On this day, 60 years ago, two airliners collided over the Grand Canyon, in the southwest US. It was a significant accident, not just because it was the deadliest air crash in the world at that time, killing all 128 on board both aircraft. The reaction to the crash was the establishment of an air traffic surveillance system only now being replaced by satellite-based CNS-ATM (communications navigation surveillance, air traffic management) technology.
At 9.01am on 30 June 1956, Trans World Airlines Flight 2, a Lockheed Super Constellation left Los Angeles International airport, bound for Kansas City. Three minutes later United Airlines Flight 718, a Douglas DC-7 departed Los Angeles for Chicago. About 90 minutes later they collided at an angle of about 25 degrees over the Grand Canyon. Both aircraft were outside controlled airspace and responsible for their own separation. Significantly perhaps, both flights, which would have left 15 minutes apart if on time, had been delayed.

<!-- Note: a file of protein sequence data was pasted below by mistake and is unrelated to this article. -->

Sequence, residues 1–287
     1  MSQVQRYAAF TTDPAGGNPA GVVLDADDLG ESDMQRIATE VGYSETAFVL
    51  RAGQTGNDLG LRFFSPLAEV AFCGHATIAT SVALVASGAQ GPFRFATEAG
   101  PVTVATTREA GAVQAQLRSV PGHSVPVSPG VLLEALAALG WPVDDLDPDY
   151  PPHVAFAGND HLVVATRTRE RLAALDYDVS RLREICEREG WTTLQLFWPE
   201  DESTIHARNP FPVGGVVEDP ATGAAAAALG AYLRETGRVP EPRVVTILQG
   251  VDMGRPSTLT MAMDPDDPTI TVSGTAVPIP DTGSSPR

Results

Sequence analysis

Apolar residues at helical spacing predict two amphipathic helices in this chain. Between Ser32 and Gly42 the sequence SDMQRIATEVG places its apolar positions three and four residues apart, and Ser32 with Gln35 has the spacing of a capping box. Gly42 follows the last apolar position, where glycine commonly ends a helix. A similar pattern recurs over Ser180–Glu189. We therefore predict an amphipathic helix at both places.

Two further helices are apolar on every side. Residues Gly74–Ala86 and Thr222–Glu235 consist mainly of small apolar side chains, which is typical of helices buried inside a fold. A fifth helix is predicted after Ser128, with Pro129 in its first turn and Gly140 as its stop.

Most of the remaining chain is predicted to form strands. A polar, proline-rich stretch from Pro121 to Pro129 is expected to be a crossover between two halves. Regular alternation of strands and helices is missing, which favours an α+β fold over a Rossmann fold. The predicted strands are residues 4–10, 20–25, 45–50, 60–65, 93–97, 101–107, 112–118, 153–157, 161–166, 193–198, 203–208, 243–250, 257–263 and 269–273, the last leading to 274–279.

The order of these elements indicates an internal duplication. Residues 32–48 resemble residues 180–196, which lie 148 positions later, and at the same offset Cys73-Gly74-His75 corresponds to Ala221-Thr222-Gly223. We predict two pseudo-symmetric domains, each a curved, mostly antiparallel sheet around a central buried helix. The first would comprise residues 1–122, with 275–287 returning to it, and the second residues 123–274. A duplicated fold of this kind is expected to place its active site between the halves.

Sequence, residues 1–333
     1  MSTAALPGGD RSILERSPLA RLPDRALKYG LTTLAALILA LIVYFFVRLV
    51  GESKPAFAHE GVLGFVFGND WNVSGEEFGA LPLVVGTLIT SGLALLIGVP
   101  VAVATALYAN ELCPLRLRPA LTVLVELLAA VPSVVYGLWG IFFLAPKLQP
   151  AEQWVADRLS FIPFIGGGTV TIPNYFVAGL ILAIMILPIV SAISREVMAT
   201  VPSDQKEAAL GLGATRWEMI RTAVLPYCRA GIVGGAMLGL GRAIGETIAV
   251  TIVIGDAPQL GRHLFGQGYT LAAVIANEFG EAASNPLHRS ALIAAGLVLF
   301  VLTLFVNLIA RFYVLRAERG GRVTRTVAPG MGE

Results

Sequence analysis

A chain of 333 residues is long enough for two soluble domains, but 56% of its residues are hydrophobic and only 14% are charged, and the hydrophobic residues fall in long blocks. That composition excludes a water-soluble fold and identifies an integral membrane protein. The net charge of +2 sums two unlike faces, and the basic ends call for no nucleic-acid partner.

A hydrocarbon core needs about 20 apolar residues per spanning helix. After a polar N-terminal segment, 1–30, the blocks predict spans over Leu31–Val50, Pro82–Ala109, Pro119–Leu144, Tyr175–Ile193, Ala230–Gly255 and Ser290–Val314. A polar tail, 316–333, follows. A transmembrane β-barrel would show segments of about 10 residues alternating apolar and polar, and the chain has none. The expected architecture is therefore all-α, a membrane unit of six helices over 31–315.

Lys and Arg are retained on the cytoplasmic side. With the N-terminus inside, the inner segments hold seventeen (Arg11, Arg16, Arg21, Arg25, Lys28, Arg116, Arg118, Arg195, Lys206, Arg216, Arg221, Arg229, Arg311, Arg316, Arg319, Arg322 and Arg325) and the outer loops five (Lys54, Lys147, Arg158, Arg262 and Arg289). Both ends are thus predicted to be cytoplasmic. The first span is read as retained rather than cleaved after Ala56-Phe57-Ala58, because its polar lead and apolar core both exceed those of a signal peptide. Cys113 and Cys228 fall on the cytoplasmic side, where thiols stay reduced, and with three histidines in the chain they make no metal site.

The Super Constellation captain had requested an altitude change to 21,000 ft, but this had been denied, due to the presence of the DC-7 at that altitude. The Super Constellation captain then requested the vague but routine clearance of ‘1000 on top’ to clear cloud, and this had been granted, although this too put the Super Constellation at 21,000 ft.
Although neither aircraft carried a flight data or cockpit voice recorder, the angle of collision was able to be established from marks and impacts on the wreckage. The official report speculated the aircraft might have approached each other from opposite sides of a cumulus cloud over the Canyon. It also said the crews of both aircraft may have been manoeuvring to give their passengers a view of the canyon.
One consequence of the crash was the replacement of the US Civil Aeronautics Administration (CAA) by what would eventually be known as the Federal Aviation Administration—the FAA. The system of aircraft being responsible for their own separation while ‘off airways’ in uncontrolled airspace was replaced by the system of radar and procedural separation that remains in use to this day.